The general idea here is the feasibility of adding Windows UAC-like "consent prompts" to a Linux system, designed in such a way that cannot be bypassed in software. Giving consent should only be doable if one is physically at the keyboard. Any process can request elevated privileges.

The specific idea is that a command expecting a password (such as su, or even more application-specific commands like gradm, used for authenticating to the administrator role when using RBAC for access controls) is vulnerable to a local process sniffing the keystrokes and later replaying them. This could be mitigated by having a PAM module permit authentication when a particular SysRq or similar key combination is input. The purpose would be to attest to the fact that the entity requesting privileges is a physical user at the keyboard, not a process.

The threat model

I understand that this is not sufficient for some threat models, but it is for mine. Please consider these below statements to be correct, unless there is a glaring mistake. The threat model is simple:

  • Malicious processes want to raise privileges by hijacking the authentication mechanism.
  • Only authorized users have physical access. Physical presence alone proves authority.
  • Local privilege escalation vulnerabilities that provide root or kernel mode are out-of-scope.
  • The input mechanism cannot be compromised, e.g. there is no updatable keyboard firmware.
  • Secure Attention Key guarantees that no malicious processes are running in a given TTY.
  • Syslog entries cannot be forged. Let's ignore unicode control codes for now.

Authentication with SysRq

As SysRq commands are intercepted by the kernel before they are sent to userspace, and as SysRq commands cannot be injected or forged without physical access (they are designed to only be input through a physical keyboard, ignoring /proc/sysrq-trigger), it seems like certain privileged operations can be safely done without password authentication. The process would look like this:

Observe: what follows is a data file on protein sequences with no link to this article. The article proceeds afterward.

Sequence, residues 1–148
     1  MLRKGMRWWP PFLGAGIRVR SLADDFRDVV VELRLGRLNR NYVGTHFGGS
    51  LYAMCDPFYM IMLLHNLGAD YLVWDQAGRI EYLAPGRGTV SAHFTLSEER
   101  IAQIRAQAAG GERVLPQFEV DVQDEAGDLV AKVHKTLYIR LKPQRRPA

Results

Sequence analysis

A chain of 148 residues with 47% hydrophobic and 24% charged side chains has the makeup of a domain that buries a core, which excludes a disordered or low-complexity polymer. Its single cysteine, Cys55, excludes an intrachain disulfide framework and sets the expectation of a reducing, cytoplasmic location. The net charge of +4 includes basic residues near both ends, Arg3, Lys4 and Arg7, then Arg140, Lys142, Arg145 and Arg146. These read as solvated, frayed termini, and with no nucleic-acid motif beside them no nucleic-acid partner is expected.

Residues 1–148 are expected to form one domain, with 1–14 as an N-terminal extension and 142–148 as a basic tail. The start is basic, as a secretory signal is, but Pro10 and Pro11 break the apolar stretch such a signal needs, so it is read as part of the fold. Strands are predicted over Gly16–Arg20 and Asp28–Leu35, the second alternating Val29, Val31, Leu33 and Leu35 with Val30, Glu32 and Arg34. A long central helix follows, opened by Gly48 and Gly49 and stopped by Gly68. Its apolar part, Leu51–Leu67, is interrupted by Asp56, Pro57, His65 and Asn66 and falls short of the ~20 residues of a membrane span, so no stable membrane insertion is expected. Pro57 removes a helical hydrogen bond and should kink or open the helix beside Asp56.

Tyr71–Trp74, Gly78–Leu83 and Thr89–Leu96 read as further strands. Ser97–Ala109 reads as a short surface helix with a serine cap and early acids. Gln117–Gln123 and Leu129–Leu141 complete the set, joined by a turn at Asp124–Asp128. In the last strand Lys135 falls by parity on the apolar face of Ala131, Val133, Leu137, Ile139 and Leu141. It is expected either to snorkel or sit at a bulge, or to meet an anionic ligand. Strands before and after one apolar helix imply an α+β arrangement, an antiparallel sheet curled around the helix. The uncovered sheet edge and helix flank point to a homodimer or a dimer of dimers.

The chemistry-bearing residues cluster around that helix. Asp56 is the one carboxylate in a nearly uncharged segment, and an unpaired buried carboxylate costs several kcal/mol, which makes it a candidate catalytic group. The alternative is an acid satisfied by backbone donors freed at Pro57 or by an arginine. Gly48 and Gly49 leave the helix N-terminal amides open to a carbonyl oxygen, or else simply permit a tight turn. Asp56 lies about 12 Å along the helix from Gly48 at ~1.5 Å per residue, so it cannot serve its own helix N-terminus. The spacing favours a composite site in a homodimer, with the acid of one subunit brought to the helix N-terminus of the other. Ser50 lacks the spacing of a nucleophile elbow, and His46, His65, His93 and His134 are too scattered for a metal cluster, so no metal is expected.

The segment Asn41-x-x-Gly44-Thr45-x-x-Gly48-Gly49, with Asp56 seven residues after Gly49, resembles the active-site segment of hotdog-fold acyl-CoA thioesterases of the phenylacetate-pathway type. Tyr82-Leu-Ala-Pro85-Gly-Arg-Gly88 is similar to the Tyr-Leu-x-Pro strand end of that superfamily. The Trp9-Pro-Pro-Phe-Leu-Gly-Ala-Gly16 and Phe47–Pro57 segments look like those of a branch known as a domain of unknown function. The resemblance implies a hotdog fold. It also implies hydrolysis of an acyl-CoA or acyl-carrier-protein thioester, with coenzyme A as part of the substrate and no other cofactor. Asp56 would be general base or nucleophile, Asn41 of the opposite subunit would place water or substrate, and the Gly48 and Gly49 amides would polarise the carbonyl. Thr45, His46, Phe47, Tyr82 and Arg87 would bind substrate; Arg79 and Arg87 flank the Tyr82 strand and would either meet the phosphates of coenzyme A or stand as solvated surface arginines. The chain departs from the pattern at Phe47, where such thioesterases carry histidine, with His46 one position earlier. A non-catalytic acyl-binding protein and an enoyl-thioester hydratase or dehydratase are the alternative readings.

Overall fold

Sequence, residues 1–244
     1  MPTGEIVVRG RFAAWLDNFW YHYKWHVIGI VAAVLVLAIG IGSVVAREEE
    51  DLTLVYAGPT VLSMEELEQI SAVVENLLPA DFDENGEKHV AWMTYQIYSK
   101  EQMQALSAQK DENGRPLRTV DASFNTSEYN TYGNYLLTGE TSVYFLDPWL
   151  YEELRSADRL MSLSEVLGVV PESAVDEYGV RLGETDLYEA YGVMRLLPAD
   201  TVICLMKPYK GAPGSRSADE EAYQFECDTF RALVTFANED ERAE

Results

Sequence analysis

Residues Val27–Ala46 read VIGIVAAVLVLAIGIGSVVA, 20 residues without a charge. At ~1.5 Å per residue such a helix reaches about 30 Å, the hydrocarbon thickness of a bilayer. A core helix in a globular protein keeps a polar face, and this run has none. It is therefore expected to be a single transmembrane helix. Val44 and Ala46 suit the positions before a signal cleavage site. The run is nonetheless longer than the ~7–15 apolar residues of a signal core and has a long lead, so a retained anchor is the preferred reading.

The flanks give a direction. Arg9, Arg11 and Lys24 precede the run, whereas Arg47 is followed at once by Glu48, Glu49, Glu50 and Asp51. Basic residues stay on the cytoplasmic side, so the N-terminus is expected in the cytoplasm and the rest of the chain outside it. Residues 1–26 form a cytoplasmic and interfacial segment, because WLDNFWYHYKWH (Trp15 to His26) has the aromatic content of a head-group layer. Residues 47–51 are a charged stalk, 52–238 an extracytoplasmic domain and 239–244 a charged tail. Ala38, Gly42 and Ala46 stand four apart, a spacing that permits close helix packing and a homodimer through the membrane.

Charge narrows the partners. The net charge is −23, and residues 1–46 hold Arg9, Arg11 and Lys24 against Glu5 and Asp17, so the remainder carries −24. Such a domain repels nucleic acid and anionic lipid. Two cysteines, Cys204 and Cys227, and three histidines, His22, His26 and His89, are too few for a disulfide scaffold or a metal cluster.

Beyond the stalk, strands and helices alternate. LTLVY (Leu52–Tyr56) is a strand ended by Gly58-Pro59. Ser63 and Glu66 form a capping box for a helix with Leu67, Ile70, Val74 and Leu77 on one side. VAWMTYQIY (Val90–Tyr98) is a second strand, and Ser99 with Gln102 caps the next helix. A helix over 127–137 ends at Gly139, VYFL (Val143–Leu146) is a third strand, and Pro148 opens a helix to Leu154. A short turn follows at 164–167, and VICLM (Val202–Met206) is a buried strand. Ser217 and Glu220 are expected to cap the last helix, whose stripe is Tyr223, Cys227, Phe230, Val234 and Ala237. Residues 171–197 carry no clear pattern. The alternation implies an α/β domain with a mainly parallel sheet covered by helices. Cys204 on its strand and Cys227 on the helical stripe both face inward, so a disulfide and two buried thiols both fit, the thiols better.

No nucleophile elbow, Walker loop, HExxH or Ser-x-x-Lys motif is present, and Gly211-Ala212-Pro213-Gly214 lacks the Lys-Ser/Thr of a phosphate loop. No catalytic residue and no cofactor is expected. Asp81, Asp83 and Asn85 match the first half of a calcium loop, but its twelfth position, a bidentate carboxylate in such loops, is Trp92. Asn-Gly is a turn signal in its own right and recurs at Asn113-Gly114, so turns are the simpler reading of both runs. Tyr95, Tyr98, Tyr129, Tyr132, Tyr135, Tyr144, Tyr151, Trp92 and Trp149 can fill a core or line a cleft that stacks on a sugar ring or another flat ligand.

1. A process (such as su) would need to request privileges. This could be done using a PAM module which checks for a custom SysRq command. Only one command can be requesting privileges at a time. The implementation itself doesn't matter.
  2. The system must make the user aware of what command is requesting privileges. Obviously, this must not be possible to spoof, so X11 prompts are right out. A ghetto solution would be logging to the syslog. If the syslog is set to print itself to a particular TTY, the user could switch to that TTY and use Secure Attention Key (SAK). This would ensure that the logs they see are genuine.
  3. The user can choose to permit privileges to the command, now that he knows for sure what command is requesting privileges. Entering a particular SysRq command will grant permission.

It seems the idea of using SysRq to enhanced privileges (or more specifically, disable security mechanisms) is not a new idea. The new kernel lockdown functionality can be disabled via SysRq-x.*

Are there any issues with this proposed authentication mechanism, for my threat model?

This is no longer the case, as it appears bypasses exist.

  • So you're happy to require the user to be at the console?
    – user
    Jul 28, 2019 at 17:36
  • @aCVn Yes. This is about implementing something functionally similar to Windows UAC consent prompts. Linux does not have UIPI, and sysrq is the closest thing that I can think of which proves locality.
    – forest
    Jul 29, 2019 at 6:32
  • Make sure to remove(disable?) "/proc/sysrq-trigger" to prevent stuff like rebooting with "echo b > /proc/sysrq-trigger"
    – D. Hae
    Mar 8 at 14:30


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